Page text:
TaxCorporate TaxCommons row over stamp duty reforms

Commons row over stamp duty reforms

A furious row has erupted over the extent to which the Inland Revenue arbitrarily truncated consultations on the most widespread reform of stamp duty for over a century, during in-depth House of Commons debates on the finance bill.

Link: Euro: Tories say Brown wants to increase taxes

Chief secretary to the Treasury Paul Boateng claimed that detailed consultations continued for 280 hours before civil servants and ministers retired to consider their position. He denied this was tantamount to breaking off talks with the professional bodies.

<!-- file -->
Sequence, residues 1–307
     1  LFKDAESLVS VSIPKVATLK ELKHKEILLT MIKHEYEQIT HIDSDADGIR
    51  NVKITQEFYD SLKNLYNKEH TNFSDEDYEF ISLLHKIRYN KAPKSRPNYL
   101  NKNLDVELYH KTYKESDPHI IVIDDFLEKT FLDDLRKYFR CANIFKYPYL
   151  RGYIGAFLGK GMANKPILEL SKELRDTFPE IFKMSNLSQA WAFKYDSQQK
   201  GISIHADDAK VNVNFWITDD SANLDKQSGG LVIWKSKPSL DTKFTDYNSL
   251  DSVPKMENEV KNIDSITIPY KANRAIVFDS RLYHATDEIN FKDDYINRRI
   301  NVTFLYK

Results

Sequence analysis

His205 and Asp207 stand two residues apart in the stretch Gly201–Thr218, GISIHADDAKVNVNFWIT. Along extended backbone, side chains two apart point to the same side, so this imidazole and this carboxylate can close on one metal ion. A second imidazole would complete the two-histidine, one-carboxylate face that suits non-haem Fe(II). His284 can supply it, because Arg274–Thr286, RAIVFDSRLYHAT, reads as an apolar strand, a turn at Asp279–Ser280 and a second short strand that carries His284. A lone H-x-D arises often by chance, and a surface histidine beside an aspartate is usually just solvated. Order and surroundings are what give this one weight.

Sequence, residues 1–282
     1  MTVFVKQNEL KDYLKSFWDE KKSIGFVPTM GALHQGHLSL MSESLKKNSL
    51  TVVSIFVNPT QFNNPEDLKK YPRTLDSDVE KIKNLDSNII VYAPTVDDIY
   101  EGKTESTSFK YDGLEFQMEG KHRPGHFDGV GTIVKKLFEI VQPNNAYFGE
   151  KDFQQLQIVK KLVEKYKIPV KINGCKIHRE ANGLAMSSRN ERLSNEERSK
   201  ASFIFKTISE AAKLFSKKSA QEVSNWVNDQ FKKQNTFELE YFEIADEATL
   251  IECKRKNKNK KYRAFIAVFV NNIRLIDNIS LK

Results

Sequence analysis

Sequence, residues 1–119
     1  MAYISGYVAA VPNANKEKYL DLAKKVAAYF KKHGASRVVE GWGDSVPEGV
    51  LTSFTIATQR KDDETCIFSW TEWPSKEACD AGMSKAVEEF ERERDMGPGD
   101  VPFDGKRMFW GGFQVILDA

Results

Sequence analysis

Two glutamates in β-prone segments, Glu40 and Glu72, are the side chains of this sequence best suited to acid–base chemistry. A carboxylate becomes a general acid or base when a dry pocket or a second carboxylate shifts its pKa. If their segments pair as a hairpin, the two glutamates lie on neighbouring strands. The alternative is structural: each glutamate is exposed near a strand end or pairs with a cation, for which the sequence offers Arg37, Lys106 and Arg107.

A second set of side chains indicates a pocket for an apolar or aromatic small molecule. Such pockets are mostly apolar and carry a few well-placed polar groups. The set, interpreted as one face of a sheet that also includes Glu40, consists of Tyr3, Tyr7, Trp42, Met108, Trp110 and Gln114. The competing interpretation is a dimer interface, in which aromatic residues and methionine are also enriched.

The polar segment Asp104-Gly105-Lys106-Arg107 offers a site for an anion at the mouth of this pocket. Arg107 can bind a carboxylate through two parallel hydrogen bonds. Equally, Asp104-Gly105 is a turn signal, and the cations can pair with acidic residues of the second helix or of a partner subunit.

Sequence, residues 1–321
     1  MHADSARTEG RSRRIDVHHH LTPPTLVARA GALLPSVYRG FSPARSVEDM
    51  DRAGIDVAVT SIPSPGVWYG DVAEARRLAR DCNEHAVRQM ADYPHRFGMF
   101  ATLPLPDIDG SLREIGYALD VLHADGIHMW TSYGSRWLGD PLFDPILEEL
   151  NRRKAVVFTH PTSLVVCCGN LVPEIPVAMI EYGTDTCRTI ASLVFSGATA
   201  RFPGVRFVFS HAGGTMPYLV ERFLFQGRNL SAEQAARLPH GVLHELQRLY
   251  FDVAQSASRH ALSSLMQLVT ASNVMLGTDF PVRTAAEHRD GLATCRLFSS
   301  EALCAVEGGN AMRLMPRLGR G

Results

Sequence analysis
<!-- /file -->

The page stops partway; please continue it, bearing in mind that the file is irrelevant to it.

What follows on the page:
But Liberal Democrat and Tory MPs insisted that discussions on what amounts to a new tax on land transactions were halted before issues could be resolved.

Speaking in the Commons last week, Boateng said: ‘As a result, issues were identified that required further consideration and reflection by civil servants and ministers. Of course, it was not possible to continue with external consultation while that was taking place.’

Tory shadow chief secretary Howard Flight said: ‘Every one of the professional bodies that responded to the consultation said it had been stopped arbitrarily.’

Liberal Democrat MP Norman Lamb complained that the proposals were incomplete and left subsale relief, the treatment of leases, the transfer of land into partnership and other complex commercial transactions still to be dealt with.

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